"I'll Believe Global Warming is a Crisis When the People Telling Me It's a Crisis Start Acting Like It's a Crisis"

This is one of those stories I hate to write. The whole subject of global warming is terribly distasteful to me. It is an issue that should be about science and not politics. That said, when I see something this egregious, I believe it is worth bringing to our reader's attention.

First, the headline:
Now, what Mr. Cook said,
First of all, he [Tim Cook] insisted, environmental efforts also make economic sense. Even so, "we do a lot of things for reasons besides profit motive," the CEO said. "We want to leave the world better than we found it."
Anyone who had a problem with that? They should sell their Apple shares. "Get out of the stock," Cook suggested. Danhof's [stockholder-submitted] proposal was voted down by shareholders.
It's a measure of the strength of Apple's position that Cook can afford to irritate such a large and powerful shareholder on a matter of principle. But it also offers hope for environmentalists frustrated by the lack of progress on climate change that — in Apple's drought-ridden home state, at least — now seems all too real. Greenpeace recently applauded Cook for working to reduce the number of "conflict minerals" in Apple products. Now it has one more reason to cheer.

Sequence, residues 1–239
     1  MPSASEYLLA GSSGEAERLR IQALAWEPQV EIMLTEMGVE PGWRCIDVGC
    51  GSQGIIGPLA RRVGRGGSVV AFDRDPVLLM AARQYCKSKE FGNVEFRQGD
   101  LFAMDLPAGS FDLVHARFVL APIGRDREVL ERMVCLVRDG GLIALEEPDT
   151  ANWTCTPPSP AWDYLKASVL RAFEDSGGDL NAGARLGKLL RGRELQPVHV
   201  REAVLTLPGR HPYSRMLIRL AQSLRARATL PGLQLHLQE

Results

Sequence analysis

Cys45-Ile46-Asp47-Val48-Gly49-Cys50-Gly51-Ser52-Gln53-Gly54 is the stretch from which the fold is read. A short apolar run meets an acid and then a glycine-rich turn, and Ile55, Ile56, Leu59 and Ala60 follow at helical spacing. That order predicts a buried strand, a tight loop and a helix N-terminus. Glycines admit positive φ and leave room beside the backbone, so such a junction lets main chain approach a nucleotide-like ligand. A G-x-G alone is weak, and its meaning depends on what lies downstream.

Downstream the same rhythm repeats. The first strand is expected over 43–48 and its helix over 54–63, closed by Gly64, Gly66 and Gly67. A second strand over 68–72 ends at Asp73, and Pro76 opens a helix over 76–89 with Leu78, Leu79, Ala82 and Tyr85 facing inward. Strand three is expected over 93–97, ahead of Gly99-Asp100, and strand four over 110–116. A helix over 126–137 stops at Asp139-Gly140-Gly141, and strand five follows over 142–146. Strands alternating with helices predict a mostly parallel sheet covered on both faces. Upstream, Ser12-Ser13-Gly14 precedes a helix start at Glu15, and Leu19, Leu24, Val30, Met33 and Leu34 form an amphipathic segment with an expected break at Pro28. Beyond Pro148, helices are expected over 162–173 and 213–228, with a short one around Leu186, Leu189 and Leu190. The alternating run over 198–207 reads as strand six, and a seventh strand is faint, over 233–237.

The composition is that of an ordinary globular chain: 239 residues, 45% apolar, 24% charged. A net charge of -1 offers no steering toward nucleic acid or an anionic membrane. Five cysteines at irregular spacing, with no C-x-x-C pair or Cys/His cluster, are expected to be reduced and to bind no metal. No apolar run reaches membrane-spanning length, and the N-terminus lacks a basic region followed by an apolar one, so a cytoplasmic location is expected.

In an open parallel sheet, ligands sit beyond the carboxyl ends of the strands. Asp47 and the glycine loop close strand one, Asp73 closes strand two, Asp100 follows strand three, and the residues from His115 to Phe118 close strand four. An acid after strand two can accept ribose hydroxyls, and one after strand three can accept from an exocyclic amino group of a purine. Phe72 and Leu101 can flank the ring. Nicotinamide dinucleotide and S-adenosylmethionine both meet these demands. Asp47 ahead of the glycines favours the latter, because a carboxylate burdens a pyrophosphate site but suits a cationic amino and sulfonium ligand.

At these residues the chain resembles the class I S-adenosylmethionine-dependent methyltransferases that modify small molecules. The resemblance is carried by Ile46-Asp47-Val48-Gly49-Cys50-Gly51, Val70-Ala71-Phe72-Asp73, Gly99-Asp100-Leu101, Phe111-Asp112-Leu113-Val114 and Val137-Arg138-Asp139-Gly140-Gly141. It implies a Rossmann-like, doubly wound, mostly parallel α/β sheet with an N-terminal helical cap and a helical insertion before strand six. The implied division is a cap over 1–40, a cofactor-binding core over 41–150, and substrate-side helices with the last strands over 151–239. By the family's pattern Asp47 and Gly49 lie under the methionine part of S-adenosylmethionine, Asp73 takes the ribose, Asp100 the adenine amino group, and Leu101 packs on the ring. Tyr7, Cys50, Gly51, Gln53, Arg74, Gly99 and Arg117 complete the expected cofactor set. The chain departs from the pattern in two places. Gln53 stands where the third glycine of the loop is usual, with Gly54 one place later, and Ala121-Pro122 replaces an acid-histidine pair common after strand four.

"Principle." "Wants to make the world a better place." Nice words.  

Now, the reality:

Mr Cook had earlier flown in from Luton Airport on a private jet, arriving in Cork at 8.30am before being whisked by executive mini-bus to the Hollyhill plant and he later flew out again back to Luton by private jet from Cork Airport at around 3pm.

From Time:

Cook is on a private jet headed to D.C. as I type

There are multiple other examples of Mr. Cook's affinity for private jets, but you get the idea. 

According to global warming theology, all of us regular people are supposed to make sacrifices "for the environment" while Mr. Cook, Al Gore, Laurie David (producer of An Inconvenient Truth) and Rajendra Pachauri (head of the UN's Intergovernmental Panel on Climate Change) are crisscrossing the world on private jets. If Mr. Cook is so concerned about global warming he should fly commercial. I just checked and United Airlines can get him from SFO to Cork in coach for $1,044.90. If he wants to pay for a first class ticket, that is fine with me. Whether coach or first class, United will cost his remaining shareholders far less than a private jet while being better for the environment. 

Let me be clear: I'd fly via private jet in a heartbeat if I could afford it. But then, I'm not going around telling everyone to cut their carbon footprints while mine is the size of Montana's. 

Glenn Reynolds of Instapundit puts it this way: "I'll believe global warming is a crisis when the people telling me it's a crisis start acting like it is a crisis."

The actions of many of the 'leaders' of the global warming movement can be summed up in three words: hypocrisy, hypocrisy, hypocrisy.


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